Hysteroscopic sterilisation: a study of women's attitudes to a novel procedure
Mr S. Duffy, University Department of Obstetrics and Gynaecology, Level 9 Gledhow Wing, St James's University Hospital, Beckett Street, Leeds, Yorkshire, UK.
Laparoscopy is the most common mode of surgery for female tubal sterilisation. Hysteroscopic sterilisation is a new method which can be performed in the outpatient setting under local anaesthetic. We carried out a prospective cohort trial to determine whether women would actually favour hysteroscopic sterilisation over laparoscopic sterilisation. Data analysis in a cohort of 96 women showed that 77% would prefer laparoscopic sterilisation over the hysteroscopic procedure (23%), despite the advantages of an outpatient setting. Age, obstetric history, employment and marital status, access to transport and previous anaesthetic did not significantly influence the choice made.
Laparoscopy is the most common mode of surgery for female tubal sterilisation. When counselling a patient about laparoscopic sterilisation, it is possible to quote published data which have been confirmed worldwide. When compared with an open procedure laparoscopic sterilisation is associated with reduced morbidity and mortality, a quicker recovery time and reduced hospital costs. However, it still carries operative risks of bowel damage and haemorrhage as well as failure of contraception, and all patients should be made aware of these possibilities. In addition, a general anaesthetic is usually required.
In its plan issued for the NHS, the Department of Health aims to reduce inpatient waiting lists and recovery times by transferring many surgical procedures to the outpatient setting.1 The move of some gynaecological surgical investigations to outpatient clinics should result in a more efficient use of hospital services and less burden on the patient. Kremer et al.2 compared inpatient and outpatient diagnostic hysteroscopy and found that there was a quicker return to mobility and pre-operative activity in the outpatient group. It has also been shown that there is higher patient satisfaction with the outpatient procedure compared with the one requiring general anaesthetic.3 The Department of Health plan states that the patient should be more fully involved in any decisions made about his or her care. Therefore, in any situation where a procedure can be performed both in an operating theatre or an outpatient clinic, patient preference should be a strong consideration.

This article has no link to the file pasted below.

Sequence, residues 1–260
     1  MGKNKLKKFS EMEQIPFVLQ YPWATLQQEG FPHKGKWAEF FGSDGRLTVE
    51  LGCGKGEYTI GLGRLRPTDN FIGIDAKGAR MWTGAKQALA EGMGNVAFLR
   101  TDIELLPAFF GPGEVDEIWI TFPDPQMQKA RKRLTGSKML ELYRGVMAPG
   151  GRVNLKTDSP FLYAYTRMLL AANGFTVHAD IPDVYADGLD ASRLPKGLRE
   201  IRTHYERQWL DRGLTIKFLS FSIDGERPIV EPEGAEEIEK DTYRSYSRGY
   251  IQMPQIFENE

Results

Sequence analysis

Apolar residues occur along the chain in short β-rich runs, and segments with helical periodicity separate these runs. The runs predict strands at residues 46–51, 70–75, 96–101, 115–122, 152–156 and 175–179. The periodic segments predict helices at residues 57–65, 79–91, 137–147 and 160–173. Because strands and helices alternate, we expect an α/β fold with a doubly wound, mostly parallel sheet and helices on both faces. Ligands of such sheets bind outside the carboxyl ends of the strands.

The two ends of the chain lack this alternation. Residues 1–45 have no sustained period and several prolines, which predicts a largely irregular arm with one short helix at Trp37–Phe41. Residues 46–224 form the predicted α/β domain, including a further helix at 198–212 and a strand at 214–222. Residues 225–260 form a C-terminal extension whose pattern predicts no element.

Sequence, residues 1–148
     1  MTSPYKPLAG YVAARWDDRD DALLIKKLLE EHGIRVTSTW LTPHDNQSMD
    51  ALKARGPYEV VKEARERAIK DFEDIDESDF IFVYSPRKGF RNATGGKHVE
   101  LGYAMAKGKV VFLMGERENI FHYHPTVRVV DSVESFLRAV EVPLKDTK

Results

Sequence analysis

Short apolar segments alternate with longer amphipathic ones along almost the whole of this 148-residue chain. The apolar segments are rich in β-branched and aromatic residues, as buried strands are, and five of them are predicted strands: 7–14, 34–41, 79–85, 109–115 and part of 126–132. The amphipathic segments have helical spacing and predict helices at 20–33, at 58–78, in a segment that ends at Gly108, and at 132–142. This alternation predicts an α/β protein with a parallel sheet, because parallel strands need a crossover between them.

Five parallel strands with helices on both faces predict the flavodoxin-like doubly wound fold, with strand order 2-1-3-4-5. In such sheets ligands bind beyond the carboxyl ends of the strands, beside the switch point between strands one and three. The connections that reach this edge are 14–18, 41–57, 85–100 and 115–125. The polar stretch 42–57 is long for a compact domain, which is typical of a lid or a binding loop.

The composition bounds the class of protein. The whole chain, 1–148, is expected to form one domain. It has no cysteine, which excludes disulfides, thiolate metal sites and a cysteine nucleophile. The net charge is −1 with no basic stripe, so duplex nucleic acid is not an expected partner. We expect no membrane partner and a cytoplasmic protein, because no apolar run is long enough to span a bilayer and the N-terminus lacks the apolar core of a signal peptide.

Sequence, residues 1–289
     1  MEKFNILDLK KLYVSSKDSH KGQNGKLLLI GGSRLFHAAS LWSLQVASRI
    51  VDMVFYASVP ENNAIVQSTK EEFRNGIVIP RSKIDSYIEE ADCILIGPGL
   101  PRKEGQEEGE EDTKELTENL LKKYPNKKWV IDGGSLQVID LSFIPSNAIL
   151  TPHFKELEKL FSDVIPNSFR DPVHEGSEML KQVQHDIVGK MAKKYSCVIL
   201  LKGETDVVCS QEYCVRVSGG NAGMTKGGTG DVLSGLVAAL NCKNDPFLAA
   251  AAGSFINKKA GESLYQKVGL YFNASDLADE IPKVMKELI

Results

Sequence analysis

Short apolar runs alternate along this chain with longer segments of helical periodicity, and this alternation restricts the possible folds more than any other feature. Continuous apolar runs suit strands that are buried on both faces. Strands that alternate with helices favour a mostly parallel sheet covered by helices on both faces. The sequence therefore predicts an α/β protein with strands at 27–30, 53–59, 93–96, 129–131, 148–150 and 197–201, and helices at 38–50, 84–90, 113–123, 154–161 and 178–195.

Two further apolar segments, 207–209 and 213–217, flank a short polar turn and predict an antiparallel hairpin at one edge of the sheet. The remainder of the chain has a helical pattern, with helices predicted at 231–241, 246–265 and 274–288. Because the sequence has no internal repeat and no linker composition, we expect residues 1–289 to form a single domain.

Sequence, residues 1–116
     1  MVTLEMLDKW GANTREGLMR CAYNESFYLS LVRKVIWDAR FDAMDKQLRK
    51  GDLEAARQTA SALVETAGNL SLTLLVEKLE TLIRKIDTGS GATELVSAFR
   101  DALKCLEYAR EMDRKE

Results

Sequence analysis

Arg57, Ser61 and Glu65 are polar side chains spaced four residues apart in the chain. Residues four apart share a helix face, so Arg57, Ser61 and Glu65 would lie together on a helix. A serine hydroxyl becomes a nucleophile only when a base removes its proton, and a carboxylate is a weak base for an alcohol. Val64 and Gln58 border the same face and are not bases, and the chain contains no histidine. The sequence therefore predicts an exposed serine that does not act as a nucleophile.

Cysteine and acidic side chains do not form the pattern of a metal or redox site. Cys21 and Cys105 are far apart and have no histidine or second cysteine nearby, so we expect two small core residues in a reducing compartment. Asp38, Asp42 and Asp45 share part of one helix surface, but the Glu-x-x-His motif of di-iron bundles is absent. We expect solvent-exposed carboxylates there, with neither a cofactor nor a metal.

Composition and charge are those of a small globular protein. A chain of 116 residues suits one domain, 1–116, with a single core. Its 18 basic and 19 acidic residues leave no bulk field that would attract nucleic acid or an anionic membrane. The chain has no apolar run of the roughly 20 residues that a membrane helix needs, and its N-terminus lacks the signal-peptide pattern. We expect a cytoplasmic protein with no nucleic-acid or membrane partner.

Hysteroscopic sterilisation is a new method which is currently being assessed under trial conditions. It can be performed in the outpatient setting under local anaesthetic, avoiding the need for general anaesthesia and allowing the patient to watch the procedure. It involves the bilateral placement of a coiled micro-insert into the proximal section of the fallopian tube, under hysteroscopic visualisation.4 The device induces an inflammatory process and over a period of approximately three months, the local in-growth of fibrous tissue led to occlusion of the fallopian tubes. Insertion of the devices is quick with the majority of cases taking under 11 minutes.5 The patient can go home within minutes of the procedure. Non-randomised trials of hysteroscopic sterilisation have found it to be a highly acceptable procedure to patients6 with excellent contraceptive effect. However, the follow up time is limited to two years and there is as yet no long term data available.
One would assume that women requesting sterilisation would similarly prefer to have it performed in the outpatient setting if possible, especially those wanting a speedy recovery and a rapid return to normal activities. We carried out this prospective cohort trial to determine which route women would actually favour, laparoscopic sterilisation or hysteroscopic sterilisation, if given the choice. The study was designed to look primarily at patient attitudes to a new procedure and also to assess the feasibility of undertaking a subsequent randomised controlled trial to compare laparoscopic sterilisation and hysteroscopic sterilisation, as the two procedures have not yet been directly compared.
One hundred consecutive women of reproductive age awaiting routine appointments in the gynaecology outpatient clinic at St James's University Hospital, Leeds between February and April 2001 were approached to take part in the study. We presented them with written information about both laparoscopic and hysteroscopic sterilisation. The information leaflets were designed by one of the departmental researchers and included the advantages and risks of both procedures. All the information was assessed independently for accuracy and fairness by a panel of specialists. After reading the material, the women were asked to fill in a questionnaire, stating their theoretical choice and giving their reasons from a specified list of attributes devised from a number of other previous studies assessing outpatient procedures (see Table 1). Patient demographics were recorded and a brief medical history was taken, especially targeted at previous hospital experiences.
Table 1. Reasons for choosing laparoscopic or hysteroscopic sterilisation.
|Chose laparoscopic sterilisation (n= 54)|
|Wants to be asleep||52|
|Does not want ‘coils’ in their uterus||34|
|Wants it to be effective immediately||31|
|Does not want to watch the procedure||24|
|Would be embarrassed to be awake||15|
|Does not want to use contraception for three months||15|
|Does not want a ‘new’ procedure||10|
|Does not want a follow up X-ray||8|
|Chose hysteroscopic sterilisation (n= 16)|
|Wants a quicker recovery time||24|
|Likes the idea of a quick outpatient visit||20|
|Does not want any incisions or scars||18|
|Does not want an anaesthetic||14|
|Does not want to stay in hospital for the day||12|
|Does not want the risks of laparoscopy||11|
|Does not want an ‘injection’ for the anaesthetic||9|
|Difficulty with childcare arrangements||6|
|Does not want to be fasted||3|
The participants were all asked to give an informed choice from the following: (1) laparoscopic sterilisation, (2) hysteroscopic sterilisation, (3) require more information before making a decision or (4) no particular preference and happy to be randomised to either route.